PIERRE, S.D.(SDBA) – Could state lawmakers finally get their way in changing the way party’s select their candidates for statewide offices?
For freshman lawmaker Tyler Tordsen of Sioux Falls – he is hoping the answer to that question is yes.
Monday morning, Tordsen successfully navigated his bill(HB1198) through the House State Affairs committee which would put the races for attorney general and secretary of state on the primary ballot, and allow the governor to select their lieutenant governor. That would make South Dakota one less of the three states still using a convention process to determine nominees for those offices.
It’s a scaled-back version of a proposal Tordsen brought last month that would have asked voters during the November general election to decide whether or not to remove all races decided in a partisan convention to the ballot. The same committee defeated that bill.
“I have spent the last couple weeks listening, learning, and adapting,” Tordsen said Monday morning. “I believe that this bill strikes the balance that can lend respect to all interested parties.”
A big reason Tordsen was able to steer the bill to passage this time around was because he flipped the committee’s two Democrats, both of which voted against his previous effort.
Tordsen said he had consulted with South Dakota Democratic Party Executive Director Dan Ahlers on this piece of legislation. A similar effort to collaborate with state Republican Party Chair John Wiik was unsuccessful, according to those two.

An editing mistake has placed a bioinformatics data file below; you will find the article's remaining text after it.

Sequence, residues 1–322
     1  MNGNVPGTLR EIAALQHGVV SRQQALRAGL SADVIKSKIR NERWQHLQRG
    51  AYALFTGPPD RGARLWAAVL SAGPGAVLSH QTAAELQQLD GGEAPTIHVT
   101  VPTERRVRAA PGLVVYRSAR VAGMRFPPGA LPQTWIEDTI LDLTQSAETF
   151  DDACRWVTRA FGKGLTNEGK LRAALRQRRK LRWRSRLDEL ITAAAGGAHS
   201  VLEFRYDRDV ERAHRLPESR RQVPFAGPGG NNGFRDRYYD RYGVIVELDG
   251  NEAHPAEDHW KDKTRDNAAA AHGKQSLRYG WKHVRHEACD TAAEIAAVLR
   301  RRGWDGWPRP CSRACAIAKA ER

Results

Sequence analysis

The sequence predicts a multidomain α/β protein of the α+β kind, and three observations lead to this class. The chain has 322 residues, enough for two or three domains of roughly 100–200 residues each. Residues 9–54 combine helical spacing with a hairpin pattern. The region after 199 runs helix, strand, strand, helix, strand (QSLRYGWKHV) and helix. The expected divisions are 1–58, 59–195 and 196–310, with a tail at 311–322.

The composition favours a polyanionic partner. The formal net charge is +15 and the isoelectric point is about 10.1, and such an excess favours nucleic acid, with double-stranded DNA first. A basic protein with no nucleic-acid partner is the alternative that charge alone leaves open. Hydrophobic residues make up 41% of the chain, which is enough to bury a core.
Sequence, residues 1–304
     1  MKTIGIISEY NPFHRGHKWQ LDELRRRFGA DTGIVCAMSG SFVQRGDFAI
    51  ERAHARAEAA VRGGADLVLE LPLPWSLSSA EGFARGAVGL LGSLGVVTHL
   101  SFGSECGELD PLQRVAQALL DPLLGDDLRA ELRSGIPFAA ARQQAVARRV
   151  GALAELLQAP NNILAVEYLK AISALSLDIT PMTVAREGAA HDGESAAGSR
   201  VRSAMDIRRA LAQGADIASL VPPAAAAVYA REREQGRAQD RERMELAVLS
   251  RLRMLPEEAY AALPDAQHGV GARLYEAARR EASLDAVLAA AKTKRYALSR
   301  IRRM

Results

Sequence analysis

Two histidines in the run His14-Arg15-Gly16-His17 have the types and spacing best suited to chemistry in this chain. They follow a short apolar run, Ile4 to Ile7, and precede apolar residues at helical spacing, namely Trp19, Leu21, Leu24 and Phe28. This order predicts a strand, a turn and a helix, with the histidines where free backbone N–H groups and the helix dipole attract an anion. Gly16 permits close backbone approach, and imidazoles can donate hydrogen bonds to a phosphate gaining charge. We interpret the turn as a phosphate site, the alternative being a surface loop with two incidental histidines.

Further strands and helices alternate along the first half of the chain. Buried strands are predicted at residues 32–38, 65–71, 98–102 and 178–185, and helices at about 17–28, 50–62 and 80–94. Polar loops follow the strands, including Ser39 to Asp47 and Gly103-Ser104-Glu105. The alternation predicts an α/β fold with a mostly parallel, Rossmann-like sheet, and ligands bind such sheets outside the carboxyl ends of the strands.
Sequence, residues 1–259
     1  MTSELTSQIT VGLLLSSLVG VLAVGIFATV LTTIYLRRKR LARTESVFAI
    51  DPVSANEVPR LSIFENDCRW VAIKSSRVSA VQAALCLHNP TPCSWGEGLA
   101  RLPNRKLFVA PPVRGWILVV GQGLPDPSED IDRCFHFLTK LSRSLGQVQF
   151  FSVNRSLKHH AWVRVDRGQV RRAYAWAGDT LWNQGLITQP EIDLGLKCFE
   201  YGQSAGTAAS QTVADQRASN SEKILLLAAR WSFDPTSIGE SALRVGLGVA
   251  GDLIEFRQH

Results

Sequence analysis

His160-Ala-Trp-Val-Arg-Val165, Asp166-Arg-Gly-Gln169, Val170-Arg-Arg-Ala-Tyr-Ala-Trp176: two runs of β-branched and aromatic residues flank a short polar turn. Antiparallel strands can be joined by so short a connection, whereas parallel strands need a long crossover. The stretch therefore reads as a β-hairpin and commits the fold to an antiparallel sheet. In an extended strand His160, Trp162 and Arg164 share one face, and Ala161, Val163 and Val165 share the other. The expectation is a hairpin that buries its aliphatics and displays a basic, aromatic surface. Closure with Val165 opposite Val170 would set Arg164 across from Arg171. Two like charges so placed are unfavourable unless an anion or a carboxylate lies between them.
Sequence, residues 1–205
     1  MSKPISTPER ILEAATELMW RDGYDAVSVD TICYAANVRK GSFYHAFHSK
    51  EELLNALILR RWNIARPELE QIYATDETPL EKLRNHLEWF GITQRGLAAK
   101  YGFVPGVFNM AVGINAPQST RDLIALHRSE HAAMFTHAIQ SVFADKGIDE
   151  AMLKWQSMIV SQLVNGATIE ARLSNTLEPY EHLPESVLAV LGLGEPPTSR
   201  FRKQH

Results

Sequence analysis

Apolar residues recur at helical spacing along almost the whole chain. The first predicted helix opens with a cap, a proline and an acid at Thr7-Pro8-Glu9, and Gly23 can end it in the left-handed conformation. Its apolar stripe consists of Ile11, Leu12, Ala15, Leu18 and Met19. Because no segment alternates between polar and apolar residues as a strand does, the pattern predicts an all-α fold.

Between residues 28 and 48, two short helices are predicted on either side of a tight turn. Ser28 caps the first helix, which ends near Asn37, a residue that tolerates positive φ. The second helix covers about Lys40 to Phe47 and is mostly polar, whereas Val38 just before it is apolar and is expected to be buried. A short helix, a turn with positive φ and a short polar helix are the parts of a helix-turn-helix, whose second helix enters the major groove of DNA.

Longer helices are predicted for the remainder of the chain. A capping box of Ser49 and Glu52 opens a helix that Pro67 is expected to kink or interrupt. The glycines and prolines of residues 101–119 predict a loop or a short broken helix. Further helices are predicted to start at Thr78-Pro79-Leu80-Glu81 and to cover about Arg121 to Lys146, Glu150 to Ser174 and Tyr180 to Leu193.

“This is something that I can support this time because it is not a constitutional amendment,” Healy explained. “(And) I think it is time to bring this conversation to the floor, this is an important one to have.”
Still, the bill faces a long way to passage – particularly when it heads to the House floor for consideration. Opposing lawmakers are likely to bring several amendments to the bill, intended to water it down to include less offices.
A preview of that came Monday morning, when Rep. Jon Hansen brought an amendment that would have made it so that the bill would only apply to the office of lieutenant governor.
“Letting governors pick their running mates is the consensus on this issue,” Hansen said. “Our party does not want this, they have expressed this very clearly attempt after attempt… This bill is like tossing a grenade into the middle of our party and watching it blow.”
The bill is likely to be heard on the House floor Tuesday afternoon.